8. Great post! It's a shame that some bloggers feel the need to buy hits, followers etc. It takes a lot of time and effort to build a successful blog, but this is also one of the most rewarding aspects to blogging - seeing your blog and community grow, all from your own sheer hard work. It's not all about numbers and the bloggers who are passionate and driven enough to realise this are the ones who will (and should) succeed.

    ReplyDelete
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    1. Hi Alexis,

      I agree. This blog didn't really 'take off' until a couple of years in and I was so chuffed to finally see my hard work paying off. Unless your view is purely monetary and mercenary I don't see any joy in bought 'anything'. It just has no foundation.

      Delete
  9. Great blog post Caroline. Chasing stats is pure vanity. I agree that engagement and influence is more important for the blogging community to get right. I hope you know that your time and effort on the blog and YouTube is appreciated - especially with your integrity attached firmly to every post!
    Ting x

    www.thetingthing.com

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    1. Thanks Ting. I really appreciate you commenting... and reading!

      Delete
  10. Apart from this entire post being entirely spot on, do you know what point I adored most? "a lot of you buy my recommendations. That is always at the forefront of my mind when I blog and I would never put that in jeopardy.". To me, there is nothing more important than being able to trust a bloggers opinion, especially when products certainly aren't cheap nowadays. It means a lot to myself - and I am sure ALL of your readers - that your reviews are genuine, honest, because I know you're recommending a product because you truly believe in it - not just to make sales/impress etc. Thank you for this post - and for being fantastic! xo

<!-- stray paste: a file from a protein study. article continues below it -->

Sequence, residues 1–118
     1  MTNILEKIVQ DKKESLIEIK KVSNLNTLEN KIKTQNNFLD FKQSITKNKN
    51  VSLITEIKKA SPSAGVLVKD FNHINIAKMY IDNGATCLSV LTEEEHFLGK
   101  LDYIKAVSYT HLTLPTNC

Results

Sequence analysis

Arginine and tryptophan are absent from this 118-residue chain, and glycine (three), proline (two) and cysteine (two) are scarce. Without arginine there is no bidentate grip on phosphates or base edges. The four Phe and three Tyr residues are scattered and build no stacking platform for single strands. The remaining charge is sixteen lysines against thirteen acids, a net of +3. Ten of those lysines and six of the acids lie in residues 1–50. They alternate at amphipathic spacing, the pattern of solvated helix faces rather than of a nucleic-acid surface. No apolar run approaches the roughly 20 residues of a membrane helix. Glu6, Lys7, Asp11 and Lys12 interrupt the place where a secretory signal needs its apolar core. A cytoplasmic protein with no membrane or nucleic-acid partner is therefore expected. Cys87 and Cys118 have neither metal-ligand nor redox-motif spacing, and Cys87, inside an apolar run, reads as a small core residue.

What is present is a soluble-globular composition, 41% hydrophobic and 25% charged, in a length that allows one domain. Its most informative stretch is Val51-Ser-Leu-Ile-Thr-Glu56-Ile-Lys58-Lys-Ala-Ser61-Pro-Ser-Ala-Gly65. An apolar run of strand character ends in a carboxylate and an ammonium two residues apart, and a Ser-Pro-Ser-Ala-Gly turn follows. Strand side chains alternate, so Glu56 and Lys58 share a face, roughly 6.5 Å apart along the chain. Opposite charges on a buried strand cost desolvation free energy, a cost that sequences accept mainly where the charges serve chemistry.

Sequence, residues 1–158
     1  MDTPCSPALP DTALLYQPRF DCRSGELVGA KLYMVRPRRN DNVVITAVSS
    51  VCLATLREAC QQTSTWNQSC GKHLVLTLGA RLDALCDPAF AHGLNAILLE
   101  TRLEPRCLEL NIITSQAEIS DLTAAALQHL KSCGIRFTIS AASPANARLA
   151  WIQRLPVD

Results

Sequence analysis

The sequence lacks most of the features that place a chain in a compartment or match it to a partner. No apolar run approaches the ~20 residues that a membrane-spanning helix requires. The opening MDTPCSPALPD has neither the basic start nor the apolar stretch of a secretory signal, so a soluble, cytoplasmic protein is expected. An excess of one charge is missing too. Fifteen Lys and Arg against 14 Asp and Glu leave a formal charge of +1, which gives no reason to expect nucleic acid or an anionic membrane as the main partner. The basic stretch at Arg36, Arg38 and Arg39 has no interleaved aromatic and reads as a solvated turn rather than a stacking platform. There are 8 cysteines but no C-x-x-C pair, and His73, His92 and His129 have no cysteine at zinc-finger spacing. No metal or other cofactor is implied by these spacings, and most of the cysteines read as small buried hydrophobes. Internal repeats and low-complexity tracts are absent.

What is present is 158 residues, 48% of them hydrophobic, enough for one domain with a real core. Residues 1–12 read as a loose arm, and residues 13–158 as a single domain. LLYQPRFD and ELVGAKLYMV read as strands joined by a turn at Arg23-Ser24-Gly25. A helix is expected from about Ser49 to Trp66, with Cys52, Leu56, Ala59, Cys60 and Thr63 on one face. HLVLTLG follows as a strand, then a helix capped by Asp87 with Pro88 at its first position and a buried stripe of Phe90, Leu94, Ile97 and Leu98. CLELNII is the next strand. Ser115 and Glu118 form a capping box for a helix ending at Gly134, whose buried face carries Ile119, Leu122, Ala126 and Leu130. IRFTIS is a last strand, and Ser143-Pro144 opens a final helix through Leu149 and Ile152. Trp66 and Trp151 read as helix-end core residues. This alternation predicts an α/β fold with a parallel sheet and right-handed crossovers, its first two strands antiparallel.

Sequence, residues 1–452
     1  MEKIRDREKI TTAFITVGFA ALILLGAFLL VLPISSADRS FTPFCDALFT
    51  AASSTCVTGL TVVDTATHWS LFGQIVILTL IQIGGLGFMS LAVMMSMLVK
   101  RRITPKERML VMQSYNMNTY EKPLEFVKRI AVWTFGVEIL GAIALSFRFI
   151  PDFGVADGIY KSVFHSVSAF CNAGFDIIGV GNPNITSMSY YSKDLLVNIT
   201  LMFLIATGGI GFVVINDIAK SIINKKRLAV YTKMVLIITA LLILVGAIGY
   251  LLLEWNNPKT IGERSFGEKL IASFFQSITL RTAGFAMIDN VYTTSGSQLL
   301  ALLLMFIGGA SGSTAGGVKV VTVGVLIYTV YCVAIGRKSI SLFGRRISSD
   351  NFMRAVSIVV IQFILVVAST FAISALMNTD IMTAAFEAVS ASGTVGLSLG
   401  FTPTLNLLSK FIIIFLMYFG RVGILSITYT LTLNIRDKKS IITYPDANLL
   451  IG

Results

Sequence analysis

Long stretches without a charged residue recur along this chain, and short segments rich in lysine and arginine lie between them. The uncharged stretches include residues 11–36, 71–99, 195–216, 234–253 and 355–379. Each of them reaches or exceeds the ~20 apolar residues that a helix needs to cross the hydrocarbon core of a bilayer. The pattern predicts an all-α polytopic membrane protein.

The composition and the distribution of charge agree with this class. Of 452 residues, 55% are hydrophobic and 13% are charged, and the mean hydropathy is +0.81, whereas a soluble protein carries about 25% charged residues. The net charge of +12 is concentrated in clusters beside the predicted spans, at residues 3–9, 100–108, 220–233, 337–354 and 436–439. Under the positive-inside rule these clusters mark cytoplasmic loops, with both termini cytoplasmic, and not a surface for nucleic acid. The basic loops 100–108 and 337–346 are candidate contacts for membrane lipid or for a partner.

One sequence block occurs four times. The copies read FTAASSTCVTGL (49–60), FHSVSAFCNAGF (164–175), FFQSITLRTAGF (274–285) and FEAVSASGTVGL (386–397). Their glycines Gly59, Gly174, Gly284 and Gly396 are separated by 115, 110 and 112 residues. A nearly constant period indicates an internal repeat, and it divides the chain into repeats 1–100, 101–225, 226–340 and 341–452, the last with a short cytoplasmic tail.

ReplyDelete
    Replies
    1. Thanks Sophia. It's true. If I said everything was 'amazing' no-one would believe a word out of my mouth. And more importantly, no-one would read!

      Delete
  11. Really interesting article. Thank you very much! :-)

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  12. This was an absolutely fascinating post to read! I'm pretty new to blogging in the grand scheme of things, and didn't realise quite how naive I actually was about the whole thing - buying followers and stats seems like a whole other world from the miniscule little corner of the internet that I've carved out for myself to warble on about clothes and makeup. It saddens me that blogging has gone from being enjoyable and fun to a popularity contest. I created my blog to write about things that inspire me and I enjoy, but yet I find myself feeling inadequate because I haven't even hit 100 followers on Bloglovin' - I think it gets so easy to get caught up in the stats hype, and the excitement of receiving PR samples that you can quite quickly forget how simply the influence you may have over other bloggers can be the most important thing.

    So I thank you for writing this post, it's given me a lot of things to think of and consider as my journey into the blogosphere continues, and I think that it will always serve as a reminder to stay humble, keep my feet on the ground, and remember that the way I portray myself on my blog is much more important than a little stat counter hidden in my sidebar. xo

    Lucy-J Loves | UK Fashion, Beauty & Lifestyle

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    1. Hi Lucy-J,

      Welcome to the mad world of blogging! :)

      I think as long as you always remember that your readers aren't idiots you'll be good to go! ;)

      Best of luck with it.

      Cx

      Delete
  13. Yet another reason to religiously read your blog! Thank you for being your blunt, honest self and I have absolutely no doubt in my mind that you're going to see yet another increase in followers once people get wind of just how brilliant you are! I will never go anywhere else for skin care advice : )

    Cheers,
    Allayna

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    1. Thank you Allayna, that's very kind of you to say! :)

      Delete
    2. You're very welcome Caroline.

      I don't think it's overly kind of me to say, it's a very well deserved compliment. After following your advice (I've read every single blog post you've ever written and every comment within every article for information!) I no longer have cystic acne. It took a couple of months and a couple of product swaps (UK products can be difficult to find/afford!) but my skin is amazing, especially considered what I came from - painful, inflamed skin that was difficult to even touch.

      I'd love it if you used my photos as an example of what can be achieved following your skin care regime. I want EVERYONE to know that it's possible to accomplish even if they're unable to schedule a consultation. (I'm from Canada!).